The writings of Bill Mousoulis
Short Greek films stand tall
Several weeks ago, having only just returned from an extended stay in Greece, I was intrigued to see a story in these very pages about a “Short Greek Film Festival”. As it turned out, it was just the one-off screening, rather than an entire festival, but there’s no denying that the event itself, held on Thursday, March 25, at Loop Bar, was festive in its spirit and unfolding.
Organised by the team Art of the State (primarily Ange Arabatzis and Jim Koutsoukos), the screening was not officially aligned to Antipodes Festival celebrations, but the timing of it was undeniable (including the fact it was held on Greek Independence Day).
One hundred people milled about the venue’s two screening rooms, as 12 short films by Greek-Australian directors unspooled. Only several of the films were new, most of them from the last 10 years or so.
As we all know, Melbourne has a large Greek population, with numerous 2nd generation Greek-Australian filmmakers arising from this in the past 25 years, including industry filmmakers Ana Kokkinos, Alkinos Tsilimidos, Aleksi Vellis, and independent filmmakers Anna Kannava, Gregory Pakis, George Goularas.
Most of the feature films that these above filmmakers have made don’t have “Greek” themes in them (apart from the major exception, Head On, and obviously The Wog Boy). So it is within the realm of the short film where we can find Greek themes being explored. Or, more precisely, where we see expressions or portraits of the unique hybrid cultural form of the “Greek-Australian”.
Thus, the identity and existential schism of the 2nd generation individual: in Sotiris Dounoukos’ Mona Lisa, the 30-something son (an edgy Steve Mouzakis) can’t tear himself away from his frail mother (the local Irini Pappas in one of her last roles). Emotions are frayed, nothing is clear. It’s the same for the group of cousins in Fotios Vrionis’ Thicker Than Water – an unexpected will breaches open secrets, shaking the group up. You see, 2nd gen-ers try to be cool, try to be “Australian”, but the past, their heritage, always impacts on them.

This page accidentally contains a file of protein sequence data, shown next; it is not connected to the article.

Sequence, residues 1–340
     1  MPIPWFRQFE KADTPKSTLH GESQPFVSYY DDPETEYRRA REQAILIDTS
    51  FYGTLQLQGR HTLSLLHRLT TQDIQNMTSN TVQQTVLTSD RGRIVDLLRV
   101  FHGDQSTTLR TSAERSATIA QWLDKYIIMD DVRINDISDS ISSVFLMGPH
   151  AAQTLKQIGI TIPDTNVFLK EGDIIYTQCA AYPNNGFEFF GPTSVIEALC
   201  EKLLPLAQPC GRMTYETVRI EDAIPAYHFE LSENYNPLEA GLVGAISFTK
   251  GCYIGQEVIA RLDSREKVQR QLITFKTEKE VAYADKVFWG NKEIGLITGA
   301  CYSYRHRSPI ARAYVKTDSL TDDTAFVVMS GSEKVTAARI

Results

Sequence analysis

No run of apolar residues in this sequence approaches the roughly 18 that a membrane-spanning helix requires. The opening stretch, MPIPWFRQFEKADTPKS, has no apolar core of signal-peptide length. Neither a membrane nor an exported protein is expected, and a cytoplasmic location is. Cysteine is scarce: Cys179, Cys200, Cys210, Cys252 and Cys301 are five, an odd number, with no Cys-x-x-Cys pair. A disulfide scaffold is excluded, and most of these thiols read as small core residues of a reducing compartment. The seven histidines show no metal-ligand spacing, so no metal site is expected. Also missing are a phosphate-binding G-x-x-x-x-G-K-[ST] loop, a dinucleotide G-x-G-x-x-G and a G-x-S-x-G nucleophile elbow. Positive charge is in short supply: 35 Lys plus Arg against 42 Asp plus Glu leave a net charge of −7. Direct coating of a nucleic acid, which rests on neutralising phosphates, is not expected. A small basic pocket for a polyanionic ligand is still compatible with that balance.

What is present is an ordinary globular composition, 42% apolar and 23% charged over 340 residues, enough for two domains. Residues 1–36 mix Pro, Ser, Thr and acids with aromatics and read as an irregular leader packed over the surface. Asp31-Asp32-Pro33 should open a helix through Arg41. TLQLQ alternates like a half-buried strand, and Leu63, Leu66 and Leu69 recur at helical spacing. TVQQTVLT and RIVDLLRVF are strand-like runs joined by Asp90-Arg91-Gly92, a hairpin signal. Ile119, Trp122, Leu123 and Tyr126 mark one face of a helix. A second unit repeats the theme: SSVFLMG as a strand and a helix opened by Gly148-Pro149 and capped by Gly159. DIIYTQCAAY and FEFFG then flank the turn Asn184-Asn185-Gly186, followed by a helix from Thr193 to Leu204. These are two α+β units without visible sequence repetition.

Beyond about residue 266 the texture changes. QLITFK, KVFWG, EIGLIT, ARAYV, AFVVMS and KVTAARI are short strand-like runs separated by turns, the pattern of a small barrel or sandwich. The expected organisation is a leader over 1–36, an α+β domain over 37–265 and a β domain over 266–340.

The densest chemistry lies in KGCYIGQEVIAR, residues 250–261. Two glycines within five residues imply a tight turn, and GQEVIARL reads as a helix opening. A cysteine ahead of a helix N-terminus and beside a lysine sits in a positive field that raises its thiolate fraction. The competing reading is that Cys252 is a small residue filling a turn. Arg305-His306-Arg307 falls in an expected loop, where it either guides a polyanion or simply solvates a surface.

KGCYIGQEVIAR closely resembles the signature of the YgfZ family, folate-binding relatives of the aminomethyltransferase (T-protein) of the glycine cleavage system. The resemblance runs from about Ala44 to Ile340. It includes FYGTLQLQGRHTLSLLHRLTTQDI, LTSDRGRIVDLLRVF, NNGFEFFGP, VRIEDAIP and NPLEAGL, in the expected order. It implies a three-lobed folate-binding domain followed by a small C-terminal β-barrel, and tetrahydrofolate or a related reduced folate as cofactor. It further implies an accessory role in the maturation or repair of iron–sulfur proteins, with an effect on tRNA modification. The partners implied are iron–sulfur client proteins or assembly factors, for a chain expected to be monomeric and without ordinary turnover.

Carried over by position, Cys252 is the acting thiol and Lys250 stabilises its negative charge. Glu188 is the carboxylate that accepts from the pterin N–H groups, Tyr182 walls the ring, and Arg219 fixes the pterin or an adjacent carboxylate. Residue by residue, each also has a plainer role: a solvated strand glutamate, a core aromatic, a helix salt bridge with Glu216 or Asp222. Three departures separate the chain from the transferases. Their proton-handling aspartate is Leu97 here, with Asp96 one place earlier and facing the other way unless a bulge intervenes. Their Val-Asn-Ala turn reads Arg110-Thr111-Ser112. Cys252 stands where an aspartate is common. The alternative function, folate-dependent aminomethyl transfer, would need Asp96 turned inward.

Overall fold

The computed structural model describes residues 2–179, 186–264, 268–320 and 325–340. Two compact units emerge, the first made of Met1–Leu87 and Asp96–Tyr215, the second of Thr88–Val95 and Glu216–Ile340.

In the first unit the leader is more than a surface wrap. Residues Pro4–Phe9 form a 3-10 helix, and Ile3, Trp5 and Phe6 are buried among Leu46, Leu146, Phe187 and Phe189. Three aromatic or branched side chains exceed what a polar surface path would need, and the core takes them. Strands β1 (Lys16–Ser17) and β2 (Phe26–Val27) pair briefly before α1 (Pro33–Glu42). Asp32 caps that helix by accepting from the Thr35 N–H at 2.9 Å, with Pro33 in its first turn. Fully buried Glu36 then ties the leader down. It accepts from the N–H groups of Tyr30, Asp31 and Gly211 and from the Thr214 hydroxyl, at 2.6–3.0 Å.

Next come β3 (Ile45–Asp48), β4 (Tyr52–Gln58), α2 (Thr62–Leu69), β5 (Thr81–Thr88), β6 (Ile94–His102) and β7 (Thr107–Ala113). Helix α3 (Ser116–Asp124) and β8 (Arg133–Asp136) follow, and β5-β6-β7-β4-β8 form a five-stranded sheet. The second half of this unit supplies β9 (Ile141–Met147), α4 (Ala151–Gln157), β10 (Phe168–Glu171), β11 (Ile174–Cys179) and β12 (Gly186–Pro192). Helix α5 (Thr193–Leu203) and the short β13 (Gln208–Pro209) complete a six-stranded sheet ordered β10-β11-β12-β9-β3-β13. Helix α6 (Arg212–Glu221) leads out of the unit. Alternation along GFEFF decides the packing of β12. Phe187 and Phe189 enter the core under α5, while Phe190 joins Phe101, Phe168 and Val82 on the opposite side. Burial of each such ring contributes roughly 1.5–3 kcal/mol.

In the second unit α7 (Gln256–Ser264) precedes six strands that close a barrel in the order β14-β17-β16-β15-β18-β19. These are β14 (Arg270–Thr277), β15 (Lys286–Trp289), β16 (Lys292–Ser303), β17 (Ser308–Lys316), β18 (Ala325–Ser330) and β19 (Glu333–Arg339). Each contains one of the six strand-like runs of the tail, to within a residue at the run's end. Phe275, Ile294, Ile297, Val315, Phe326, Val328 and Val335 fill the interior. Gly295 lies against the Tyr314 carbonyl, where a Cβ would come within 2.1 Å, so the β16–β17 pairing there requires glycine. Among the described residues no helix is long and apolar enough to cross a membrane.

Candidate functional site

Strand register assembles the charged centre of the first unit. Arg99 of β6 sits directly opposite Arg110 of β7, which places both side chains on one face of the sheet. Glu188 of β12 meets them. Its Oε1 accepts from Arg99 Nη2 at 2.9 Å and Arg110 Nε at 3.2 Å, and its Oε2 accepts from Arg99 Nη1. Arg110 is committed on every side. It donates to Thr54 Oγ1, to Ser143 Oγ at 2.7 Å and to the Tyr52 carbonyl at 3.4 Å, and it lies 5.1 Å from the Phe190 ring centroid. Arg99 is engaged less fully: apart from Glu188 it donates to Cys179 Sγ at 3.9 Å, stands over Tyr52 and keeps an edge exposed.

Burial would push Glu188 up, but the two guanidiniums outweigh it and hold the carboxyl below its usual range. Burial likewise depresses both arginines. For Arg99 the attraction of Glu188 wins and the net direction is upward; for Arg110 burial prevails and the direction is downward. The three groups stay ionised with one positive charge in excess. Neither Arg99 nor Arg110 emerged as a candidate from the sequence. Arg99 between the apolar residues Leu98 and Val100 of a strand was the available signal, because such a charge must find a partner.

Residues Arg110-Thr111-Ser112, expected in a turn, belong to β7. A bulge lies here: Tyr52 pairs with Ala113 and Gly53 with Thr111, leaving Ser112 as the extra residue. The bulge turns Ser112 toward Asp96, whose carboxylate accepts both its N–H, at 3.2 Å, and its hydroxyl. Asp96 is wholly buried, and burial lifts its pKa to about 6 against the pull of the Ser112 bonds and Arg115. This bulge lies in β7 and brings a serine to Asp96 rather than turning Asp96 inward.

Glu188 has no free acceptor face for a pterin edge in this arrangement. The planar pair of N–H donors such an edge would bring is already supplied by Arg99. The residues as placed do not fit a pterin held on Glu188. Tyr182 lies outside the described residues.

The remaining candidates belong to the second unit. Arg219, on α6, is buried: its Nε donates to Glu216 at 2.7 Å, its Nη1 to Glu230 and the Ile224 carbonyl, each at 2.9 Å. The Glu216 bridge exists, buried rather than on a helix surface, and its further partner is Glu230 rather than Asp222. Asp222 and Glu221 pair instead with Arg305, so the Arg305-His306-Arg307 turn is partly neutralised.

And so Christina Heristanidis, in her film Taxithi, follows her parents around with a video camera, trying to capture their lives, their adventures, but all she can experience is confusion and dismay. No wonder in her other film Scream, she just has several people screaming and nothing else.
Being “Greek-Australian”, this hybrid form, is something we take for granted here in Australia, but living in Greece recently has made me realise how utterly strange this hybrid is, how it really is an unholy (no, I’m not religious) mutation of Greek genes with Australian norms. Of course, the kids of our kids will barely have a trace of Greekness left in them – it’s just this 2nd generation of Greek-Australians that are uniquely half this, half that.
But if this hybrid creates confusion and tension, it also draws on a perhaps timeless, limitless Greek existential and performative energy – we know how to dance, sing, drink, howl, smash, regroup.
Thus, my favourite film on the night was Ange Arabatzis’ Metamorphosis, where we see a man (an expressive Jim Koutsoukos) “let himself go” – he drinks ouzo, he dances, he smashes the furniture. All wordless, to some great music by Nick Tsiavos, it is a well-made, stirring Dionysian howl.
And in other films too: In Conversation with Paul Capsis by Kostas Metaxas is a wonderful portrait of the teasingly transgendered singer Capsis, who clearly revels in his persona and performance; Crunch by Christos Linou is a very short film featuring Linou himself doing a wild, contorted, but also very controlled, dance; and Where the Heart Is by Ange Arabatzis and Lilith by Jim Stamatakos go further into the existential condition by canvassing the terrain of tragedy.
But let’s not mis-characterise Greeks or Greek-Australians as capable only of frenzy and tragedy: the Dionysian is matched by the Apollonian, its qualities of observation, nobility, grace. We didn’t have Aristotle for nothing you know.
And so, in the program of films, another Sotiris Dounoukos film, Punch, stood out. Set in Paris, it is a calm, philosophical study of a lonely man, in heartbreak. Dounoukos is currently in Europe, developing feature scripts – maybe indeed he can make artwork at the level of Theo Angelopoulos or Francois Truffaut in the future.
All in all, this inaugural edition of the “Short Greek Film Festival” was a great success, showing a number of interesting films, and one now awaits its 2011 incarnation, with hopefully a larger program.
© Bill Mousoulis March 2010.
This report first appeared in Neos Kosmos.